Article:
Hobbes And Locke: Differing Views Essay, Research Paper What justifies the authority of government? Under what conditions is revolution against that government justified? How does Locke’s answer to the previous differ from Hobbes’s? What difference in their “social contract” theories results in that difference? Each of these questions will be addressed in order to further understand the governmental philosophies of the “Dynamic Duo” and their implications.
Hobbes And Locke: Differing Views Essay, Research Paper
What justifies the authority of government? Under what conditions is revolution against that government justified? How does Locke’s answer to the previous differ from Hobbes’s? What difference in their “social contract” theories results in that difference? Each of these questions will be addressed in order to further understand the governmental philosophies of the “Dynamic Duo” and their implications.
Citizens of the United States have enjoyed long-standing protection courtesy of their governmental system. In fact, we as citizens may take this system for granted, or not fully realize why we have it. Luckily, Thomas Hobbes has a view that may bring to mind the alternatives of government and show us why we have a system to provide organization, authority, and protection. Hobbes first points out that we always do what is in our best interest, whether it be killing an intruder, lying in order to gain an advantage over another person, or worse, all of which add up to a state of continual war, fear, and chaos. Similarly, in the sense that we do what is in our best interest, Hobbes says that at one point in time we decided to voluntarily and mutually transfer our rights to another person or group in an attempt to get out of that miserable state of war. Hobbes also contends that if there is not a power to keep people in awe, they will continually be in war against each other. In other words, there is no security without a system such as our own, with consequences for actions that infringe on the rights of others. The crucial part of this system is thus enforcement of policy. Hobbes explains this as, “And covenants, without the sword, are but words, and of no strength to secure a man at all.” This makes sense that, without something for people to fear if they go against the laws, they will naturally infringe on the rights of others simply because it may be in their best interest.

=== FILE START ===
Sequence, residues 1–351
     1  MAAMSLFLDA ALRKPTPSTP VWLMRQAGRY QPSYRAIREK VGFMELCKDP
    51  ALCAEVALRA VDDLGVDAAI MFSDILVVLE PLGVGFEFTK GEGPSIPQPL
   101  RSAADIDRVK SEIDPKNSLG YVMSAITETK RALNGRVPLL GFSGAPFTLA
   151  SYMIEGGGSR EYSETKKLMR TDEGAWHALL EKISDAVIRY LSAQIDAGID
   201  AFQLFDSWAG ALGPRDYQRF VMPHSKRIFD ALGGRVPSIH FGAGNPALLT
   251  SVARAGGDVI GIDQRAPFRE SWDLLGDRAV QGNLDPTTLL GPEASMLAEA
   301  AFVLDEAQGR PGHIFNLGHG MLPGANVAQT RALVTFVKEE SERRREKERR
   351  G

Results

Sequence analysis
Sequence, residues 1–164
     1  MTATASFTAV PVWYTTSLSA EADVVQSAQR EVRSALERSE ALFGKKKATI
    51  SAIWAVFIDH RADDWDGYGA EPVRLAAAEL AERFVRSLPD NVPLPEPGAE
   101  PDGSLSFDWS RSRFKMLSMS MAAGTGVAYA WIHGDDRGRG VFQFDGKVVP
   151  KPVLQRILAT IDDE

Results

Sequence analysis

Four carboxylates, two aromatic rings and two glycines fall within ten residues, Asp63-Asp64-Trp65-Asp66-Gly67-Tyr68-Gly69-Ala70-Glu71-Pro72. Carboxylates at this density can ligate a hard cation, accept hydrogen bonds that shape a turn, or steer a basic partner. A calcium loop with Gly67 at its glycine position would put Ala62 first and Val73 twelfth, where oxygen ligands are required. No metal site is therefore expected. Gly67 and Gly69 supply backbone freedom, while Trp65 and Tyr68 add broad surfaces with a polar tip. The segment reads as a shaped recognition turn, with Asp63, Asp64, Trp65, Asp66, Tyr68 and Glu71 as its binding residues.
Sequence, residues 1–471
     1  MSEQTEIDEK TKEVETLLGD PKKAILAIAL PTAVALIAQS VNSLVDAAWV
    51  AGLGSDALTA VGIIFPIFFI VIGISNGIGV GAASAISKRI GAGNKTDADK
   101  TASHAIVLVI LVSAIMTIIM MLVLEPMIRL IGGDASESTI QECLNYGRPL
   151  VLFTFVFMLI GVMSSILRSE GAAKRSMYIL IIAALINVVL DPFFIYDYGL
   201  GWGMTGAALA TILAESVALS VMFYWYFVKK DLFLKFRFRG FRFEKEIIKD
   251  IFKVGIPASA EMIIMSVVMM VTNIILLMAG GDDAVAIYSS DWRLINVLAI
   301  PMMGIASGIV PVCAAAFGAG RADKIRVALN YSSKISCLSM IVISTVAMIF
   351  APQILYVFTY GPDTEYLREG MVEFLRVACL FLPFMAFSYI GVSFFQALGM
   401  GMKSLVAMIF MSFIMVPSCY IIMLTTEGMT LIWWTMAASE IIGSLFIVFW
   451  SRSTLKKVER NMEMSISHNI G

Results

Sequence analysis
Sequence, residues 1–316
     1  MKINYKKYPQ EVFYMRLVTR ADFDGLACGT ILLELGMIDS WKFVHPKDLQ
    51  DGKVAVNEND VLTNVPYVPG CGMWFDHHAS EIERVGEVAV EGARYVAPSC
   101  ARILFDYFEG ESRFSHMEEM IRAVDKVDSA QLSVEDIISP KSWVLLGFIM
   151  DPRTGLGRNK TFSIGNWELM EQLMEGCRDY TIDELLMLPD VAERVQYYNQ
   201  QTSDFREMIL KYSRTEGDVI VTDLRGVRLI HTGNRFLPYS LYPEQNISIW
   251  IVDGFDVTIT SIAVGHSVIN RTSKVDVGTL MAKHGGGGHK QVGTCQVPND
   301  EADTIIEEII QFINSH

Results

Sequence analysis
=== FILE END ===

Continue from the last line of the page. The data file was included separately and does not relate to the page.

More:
Hobbes saw government as a single governing body, made up of the power given to it by the masses; a “Leviathan,” or giant sea monster that gains it’s power from the sea of individuals. According to Hobbes this Leviathan may, in very specific conditions, be rightfully overthrown or at least revolution may be attempted. Hobbes reasons that no rational person would harm themselves, and being that the Leviathan is made up of each and every one of us, no one should harm the Leviathan. Exceptions are granted by Hobbes if the masses are at war with the Leviathan, or basically themselves. At this point, rules go out the window and each is forced to preserve their own rights by any means nessicary.